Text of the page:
IDPs’ case seeking compensation from gov’t adjourned


IDPs' case seeking compensation from gov't adjourned

The High Court has adjourned the hearing of a public interest litigation case filed by about six thousand Internally Displaced Persons (IDPs) to Thursday.

The case, before Justice Isaac Lenaola, seeks to compensate victims of the post polls chaos that claimed over 1,300 lives and left over 600,000 people displaced.

The petitioners claim that they were not compensated after the chaos. The case has been in court since 2011.

The case is a representative suit and covers IDPs displaced during the 2007/08 Post Election Violence in Eldoret, Kericho, Kisumu, Isiolo, Naivasha, Bungoma, Nakuru, Kisii, Transzoia, Nyandarua, Meru, Mombasa, Nairobi and Laikipia.

The petitioners claim that the government is responsible directly or indirectly, for the harms that the IDPs suffered among them sexual and gender based violence, loss of lives, destruction of property, grievous bodily harm and forced displacements.

The objective of this case is to establish that the government of Kenya violated its constitutional obligation to protect the citizens of Kenya during and after the violence.

The petitioners are hopeful that the court will grant them reparations and compensation, or a combination of both, under Article 23 of the constitution.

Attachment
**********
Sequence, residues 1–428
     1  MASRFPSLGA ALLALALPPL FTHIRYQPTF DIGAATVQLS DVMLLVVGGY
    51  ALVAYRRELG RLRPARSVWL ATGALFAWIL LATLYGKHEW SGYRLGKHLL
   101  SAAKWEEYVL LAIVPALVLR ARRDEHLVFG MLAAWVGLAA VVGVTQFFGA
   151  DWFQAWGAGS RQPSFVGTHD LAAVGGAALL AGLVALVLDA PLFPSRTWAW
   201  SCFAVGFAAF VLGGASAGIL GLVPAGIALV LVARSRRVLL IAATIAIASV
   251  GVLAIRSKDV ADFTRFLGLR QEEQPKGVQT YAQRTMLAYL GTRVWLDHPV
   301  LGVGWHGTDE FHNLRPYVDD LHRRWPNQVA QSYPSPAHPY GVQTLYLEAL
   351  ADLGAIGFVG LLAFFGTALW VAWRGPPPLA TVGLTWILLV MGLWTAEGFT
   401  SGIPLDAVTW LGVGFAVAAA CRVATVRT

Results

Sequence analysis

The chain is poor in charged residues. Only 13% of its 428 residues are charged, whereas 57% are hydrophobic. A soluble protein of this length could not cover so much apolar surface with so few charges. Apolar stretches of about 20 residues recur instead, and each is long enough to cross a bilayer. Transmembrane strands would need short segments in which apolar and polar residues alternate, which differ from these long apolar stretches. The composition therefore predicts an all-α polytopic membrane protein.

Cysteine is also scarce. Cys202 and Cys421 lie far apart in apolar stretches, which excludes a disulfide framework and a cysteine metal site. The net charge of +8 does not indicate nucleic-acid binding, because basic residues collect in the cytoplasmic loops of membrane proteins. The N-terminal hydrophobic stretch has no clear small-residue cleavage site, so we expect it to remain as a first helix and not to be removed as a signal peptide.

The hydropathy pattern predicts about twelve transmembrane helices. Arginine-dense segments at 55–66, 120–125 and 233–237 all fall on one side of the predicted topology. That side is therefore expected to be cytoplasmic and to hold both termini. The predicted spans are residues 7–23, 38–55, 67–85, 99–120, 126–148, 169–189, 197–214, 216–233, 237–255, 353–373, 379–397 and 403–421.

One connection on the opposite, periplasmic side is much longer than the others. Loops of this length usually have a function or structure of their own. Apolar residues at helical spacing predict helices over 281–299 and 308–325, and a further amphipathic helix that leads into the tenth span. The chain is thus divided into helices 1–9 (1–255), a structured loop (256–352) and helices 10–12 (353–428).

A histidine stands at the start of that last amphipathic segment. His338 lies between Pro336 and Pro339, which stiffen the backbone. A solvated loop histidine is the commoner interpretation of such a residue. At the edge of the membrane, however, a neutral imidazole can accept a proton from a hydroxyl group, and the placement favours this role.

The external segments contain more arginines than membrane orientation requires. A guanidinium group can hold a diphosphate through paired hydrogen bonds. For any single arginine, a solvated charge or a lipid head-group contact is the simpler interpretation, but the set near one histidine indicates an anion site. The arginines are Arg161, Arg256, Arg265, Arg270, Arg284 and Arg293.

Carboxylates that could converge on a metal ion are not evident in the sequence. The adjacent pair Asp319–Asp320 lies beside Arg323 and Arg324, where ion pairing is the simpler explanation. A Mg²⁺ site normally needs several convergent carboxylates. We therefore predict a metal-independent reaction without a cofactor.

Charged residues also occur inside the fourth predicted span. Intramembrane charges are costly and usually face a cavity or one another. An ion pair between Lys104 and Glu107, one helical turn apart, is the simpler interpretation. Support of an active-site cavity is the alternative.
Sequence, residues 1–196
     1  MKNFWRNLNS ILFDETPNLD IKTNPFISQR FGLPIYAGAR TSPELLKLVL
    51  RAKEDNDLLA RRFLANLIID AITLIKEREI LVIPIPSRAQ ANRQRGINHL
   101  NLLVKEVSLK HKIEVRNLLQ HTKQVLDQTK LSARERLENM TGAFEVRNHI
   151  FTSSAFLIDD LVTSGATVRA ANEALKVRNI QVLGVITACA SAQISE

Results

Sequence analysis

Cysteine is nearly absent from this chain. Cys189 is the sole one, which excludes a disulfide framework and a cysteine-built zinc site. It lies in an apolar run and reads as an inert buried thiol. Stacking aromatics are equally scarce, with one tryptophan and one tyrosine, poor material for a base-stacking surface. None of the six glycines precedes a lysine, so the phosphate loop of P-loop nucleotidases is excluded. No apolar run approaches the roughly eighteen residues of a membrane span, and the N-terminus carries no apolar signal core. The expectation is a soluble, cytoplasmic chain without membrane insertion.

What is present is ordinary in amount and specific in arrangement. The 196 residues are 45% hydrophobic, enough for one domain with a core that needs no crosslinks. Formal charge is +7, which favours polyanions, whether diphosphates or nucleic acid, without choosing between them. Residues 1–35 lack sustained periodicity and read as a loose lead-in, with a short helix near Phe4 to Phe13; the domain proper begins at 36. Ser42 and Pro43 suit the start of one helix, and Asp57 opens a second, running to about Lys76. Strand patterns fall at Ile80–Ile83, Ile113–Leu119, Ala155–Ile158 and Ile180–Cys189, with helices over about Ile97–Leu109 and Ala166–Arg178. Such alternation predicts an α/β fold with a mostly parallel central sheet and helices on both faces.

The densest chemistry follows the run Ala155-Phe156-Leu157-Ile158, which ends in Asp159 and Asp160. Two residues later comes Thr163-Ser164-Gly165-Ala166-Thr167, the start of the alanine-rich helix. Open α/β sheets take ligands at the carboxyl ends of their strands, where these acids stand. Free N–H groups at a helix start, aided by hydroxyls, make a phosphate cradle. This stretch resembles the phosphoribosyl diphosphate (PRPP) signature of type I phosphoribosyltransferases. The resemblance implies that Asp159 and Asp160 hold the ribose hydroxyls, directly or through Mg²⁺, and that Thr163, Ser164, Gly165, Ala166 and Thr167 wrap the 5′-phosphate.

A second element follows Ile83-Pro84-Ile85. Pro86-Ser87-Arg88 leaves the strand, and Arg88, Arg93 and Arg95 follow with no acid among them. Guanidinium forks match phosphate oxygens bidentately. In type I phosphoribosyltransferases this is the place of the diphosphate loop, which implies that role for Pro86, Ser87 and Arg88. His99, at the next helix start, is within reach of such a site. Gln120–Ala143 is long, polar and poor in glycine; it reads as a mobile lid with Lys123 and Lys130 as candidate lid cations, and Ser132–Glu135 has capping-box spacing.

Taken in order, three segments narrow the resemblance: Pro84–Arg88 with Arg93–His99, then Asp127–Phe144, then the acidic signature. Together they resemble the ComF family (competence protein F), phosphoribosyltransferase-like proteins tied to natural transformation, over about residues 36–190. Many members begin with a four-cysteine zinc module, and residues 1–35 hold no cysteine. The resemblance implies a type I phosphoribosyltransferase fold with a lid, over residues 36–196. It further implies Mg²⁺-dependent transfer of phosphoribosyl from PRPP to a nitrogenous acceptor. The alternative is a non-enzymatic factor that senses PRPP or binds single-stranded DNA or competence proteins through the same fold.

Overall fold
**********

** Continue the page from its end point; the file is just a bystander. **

This comes about two days after it emerged that a decade since the 2007/08 post election violence about 80,000 victims of the skirmishes are yet to be compensated.

More than 170,000 IDPs have, however, been resettled with the government now planning to assist the rest following President Uhuru Kenyatta’s promise during the national prayers rally held on Saturday.

Figures from the National Consultative Coordination Committee on IDPs show that just over 245,000 families were registered as IDPs after the chaos in 2008.

Of these, 170,000 received ten thousand shillings each while in the camps.

90,000 displaced families who quickly moved out of the camps and into the homes of friends and family members made do with the initial sum of 10,000 shillings each.

When the government launched Operation Rudi Nyumbani, 78,000 thousand more families were ferried back home, and given an additional 25,000 shillings each to put their lives back together.

8700 other families were resettled on land purchased by the government, after which the government resolved to give IDPs money to purchase their own land.

19,500 families benefitted from this, receiving sums between 200 and 400 thousand shillings each. 17 billion shillings has already been spent on resettling the displaced.

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Maureen Murimi
Story By Maureen Murimi
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